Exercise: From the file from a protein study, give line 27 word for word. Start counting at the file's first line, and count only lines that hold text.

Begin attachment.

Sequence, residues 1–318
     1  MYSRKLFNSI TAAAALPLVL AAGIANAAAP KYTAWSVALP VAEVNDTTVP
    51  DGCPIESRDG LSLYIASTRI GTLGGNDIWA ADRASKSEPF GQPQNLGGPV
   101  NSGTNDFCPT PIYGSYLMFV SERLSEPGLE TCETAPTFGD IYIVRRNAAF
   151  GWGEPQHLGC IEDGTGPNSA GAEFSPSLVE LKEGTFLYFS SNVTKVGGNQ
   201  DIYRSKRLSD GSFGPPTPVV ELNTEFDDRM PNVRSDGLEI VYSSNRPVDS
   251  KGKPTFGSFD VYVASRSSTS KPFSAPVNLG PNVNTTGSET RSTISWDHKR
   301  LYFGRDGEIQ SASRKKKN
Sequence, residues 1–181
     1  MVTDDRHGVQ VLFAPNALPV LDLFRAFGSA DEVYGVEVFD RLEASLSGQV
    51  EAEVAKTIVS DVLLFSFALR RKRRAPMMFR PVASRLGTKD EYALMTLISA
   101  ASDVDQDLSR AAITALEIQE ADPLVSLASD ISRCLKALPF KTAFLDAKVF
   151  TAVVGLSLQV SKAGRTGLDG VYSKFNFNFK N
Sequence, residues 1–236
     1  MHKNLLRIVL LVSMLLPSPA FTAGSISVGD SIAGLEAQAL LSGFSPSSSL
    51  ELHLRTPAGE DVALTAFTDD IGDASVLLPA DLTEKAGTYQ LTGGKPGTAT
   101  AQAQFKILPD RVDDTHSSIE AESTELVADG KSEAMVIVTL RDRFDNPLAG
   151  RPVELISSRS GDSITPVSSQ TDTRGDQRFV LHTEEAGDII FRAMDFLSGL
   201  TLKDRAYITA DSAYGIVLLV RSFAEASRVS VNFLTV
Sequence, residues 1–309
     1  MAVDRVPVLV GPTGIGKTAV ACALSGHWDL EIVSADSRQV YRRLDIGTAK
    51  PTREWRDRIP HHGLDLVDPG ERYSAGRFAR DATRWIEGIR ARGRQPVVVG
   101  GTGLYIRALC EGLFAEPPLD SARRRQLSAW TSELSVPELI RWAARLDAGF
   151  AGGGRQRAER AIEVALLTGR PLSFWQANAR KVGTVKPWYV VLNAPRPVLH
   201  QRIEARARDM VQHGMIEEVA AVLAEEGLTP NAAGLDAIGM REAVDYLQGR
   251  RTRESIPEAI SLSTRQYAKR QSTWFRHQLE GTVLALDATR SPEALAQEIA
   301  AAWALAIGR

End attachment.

   301  AAWALAIGR